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(Tribune New Service) On June 28, Ramon Castro will walk away from Friendship Park on the San Ysidro border — and keep walking.

He’ll head east, Forrest Gump-style, along the border for 1,954 miles and 45 days, until he reaches the eastern end of the U.S. border with Mexico near Brownsville, Texas.

Castro is a Brawley city council member and will join in the twice monthly board meetings via Zoom while on the road.

“My family thinks I’m crazy,” Castro says. But he is letting his feet do the talking, as well as the walking.

Castro, who served in the Marine Corps for eight years and was in Kuwait during Operation Iraqi Freedom, is walking the border to focus attention on non-citizen U.S. veterans who have been deported for committing crimes.

Often their offenses are minor drug- or alcohol-related crimes, and may be tied to physical and mental disabilities suffered during their military service — PTSD, anxiety, mood disorders, chronic pain, etc.

When deported, they lose access to the VA medical facilities and benefits they earned and, in some cases, desperately needed.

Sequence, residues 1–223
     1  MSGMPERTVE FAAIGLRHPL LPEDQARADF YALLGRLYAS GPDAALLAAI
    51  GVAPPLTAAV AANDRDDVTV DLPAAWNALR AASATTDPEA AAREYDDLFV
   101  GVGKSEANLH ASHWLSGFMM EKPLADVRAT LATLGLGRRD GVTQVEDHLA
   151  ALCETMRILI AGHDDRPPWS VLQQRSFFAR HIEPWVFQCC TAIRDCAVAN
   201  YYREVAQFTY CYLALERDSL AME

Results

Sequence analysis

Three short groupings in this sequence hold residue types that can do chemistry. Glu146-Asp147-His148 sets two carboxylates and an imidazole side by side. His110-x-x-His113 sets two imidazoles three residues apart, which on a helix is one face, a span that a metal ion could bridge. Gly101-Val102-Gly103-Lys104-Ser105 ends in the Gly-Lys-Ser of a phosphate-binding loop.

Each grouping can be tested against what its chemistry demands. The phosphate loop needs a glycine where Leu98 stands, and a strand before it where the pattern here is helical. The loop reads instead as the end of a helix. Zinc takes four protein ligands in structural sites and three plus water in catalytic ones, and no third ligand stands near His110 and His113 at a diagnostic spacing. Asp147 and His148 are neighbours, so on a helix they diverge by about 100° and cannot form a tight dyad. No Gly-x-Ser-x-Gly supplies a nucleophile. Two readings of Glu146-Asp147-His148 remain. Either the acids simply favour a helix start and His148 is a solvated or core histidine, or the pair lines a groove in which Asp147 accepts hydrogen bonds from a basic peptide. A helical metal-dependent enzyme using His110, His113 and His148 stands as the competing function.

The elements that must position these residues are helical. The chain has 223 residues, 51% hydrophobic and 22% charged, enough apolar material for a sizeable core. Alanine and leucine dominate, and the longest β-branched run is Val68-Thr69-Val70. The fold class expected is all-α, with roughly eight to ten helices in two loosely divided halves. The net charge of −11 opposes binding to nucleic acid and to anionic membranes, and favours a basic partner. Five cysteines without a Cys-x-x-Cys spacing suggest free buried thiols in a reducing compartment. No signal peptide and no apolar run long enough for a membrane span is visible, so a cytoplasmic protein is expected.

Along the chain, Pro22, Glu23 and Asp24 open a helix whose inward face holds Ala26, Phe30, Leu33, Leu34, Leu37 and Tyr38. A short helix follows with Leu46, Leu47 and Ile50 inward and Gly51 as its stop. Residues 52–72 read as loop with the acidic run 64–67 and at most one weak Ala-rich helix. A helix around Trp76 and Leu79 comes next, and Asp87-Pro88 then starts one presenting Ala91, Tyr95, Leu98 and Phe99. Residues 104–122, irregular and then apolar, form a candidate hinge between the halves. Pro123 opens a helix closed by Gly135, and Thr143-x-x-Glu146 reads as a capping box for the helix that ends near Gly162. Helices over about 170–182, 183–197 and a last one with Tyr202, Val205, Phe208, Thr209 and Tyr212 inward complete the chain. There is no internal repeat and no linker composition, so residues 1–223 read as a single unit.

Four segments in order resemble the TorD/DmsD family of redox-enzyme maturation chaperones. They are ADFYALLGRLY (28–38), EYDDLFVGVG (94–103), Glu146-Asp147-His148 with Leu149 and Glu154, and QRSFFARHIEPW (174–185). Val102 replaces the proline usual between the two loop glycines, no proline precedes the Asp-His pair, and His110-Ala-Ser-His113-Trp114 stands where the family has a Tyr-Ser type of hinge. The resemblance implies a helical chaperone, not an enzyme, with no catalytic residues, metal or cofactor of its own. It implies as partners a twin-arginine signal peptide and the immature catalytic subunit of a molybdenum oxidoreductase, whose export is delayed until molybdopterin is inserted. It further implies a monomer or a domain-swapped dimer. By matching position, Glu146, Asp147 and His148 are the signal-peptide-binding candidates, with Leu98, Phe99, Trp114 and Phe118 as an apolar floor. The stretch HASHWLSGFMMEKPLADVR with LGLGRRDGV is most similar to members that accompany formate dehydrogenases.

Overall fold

The walk was planned after the death of 52-year-old Erasmo “Mito” Apodaca on Mother’s Day. Apodaca, a green card holder, was deported to Mexico for a 1998 domestic violence incident.

For more than 22 years, Castro says, Apodaca fought for permission to return to the United States, where he grew up and where his extended family lives.

He died in Mexicali, apparently of a heart attack. Only three days earlier, he had received clearance to start the process of returning to the United States, Castro notes. The upcoming U.S hearing was set for July. It was too late.

“He suffered from PTSD and needed physical and mental health treatment, and he wasn’t able to receive it in Mexico,” Castro says.

Every Memorial Day, Castro and his friends walk 7.5 miles through Brawley to honor departed U.S. military and veterans. As he did this three weeks ago, Apodaca’s death weighed heavily on his mind.

“The idea came up during the walk. I wanted to do something impactful to bring about the change we are seeking,” he says. So the 45-day border trek, “Walk the Line: A March to Bring Our Deported Veterans Home,” is dedicated to Apodaca. “He is the one who inspired it. If he had been helped sooner, and if he had access to V.A. medical care, he might still be around.”

Along the route, Castro will stop and give talks in major towns, visit American Legion posts and walk across the border to tour two Mexico shelters that serve deported U.S. veterans.

“They should all be pardoned because, if not for this failed system, they would be American citizens, and we would not be talking about it. It’s a real embarrassment ... that we just discard them in that manner.”

As Americans, if they committed a crime, they would serve their time and get to start over in the United States upon release, he reasons.

Castro recently founded the American Veterans Homefront Initiative, a call-to-action to the U.S. government to address this issue.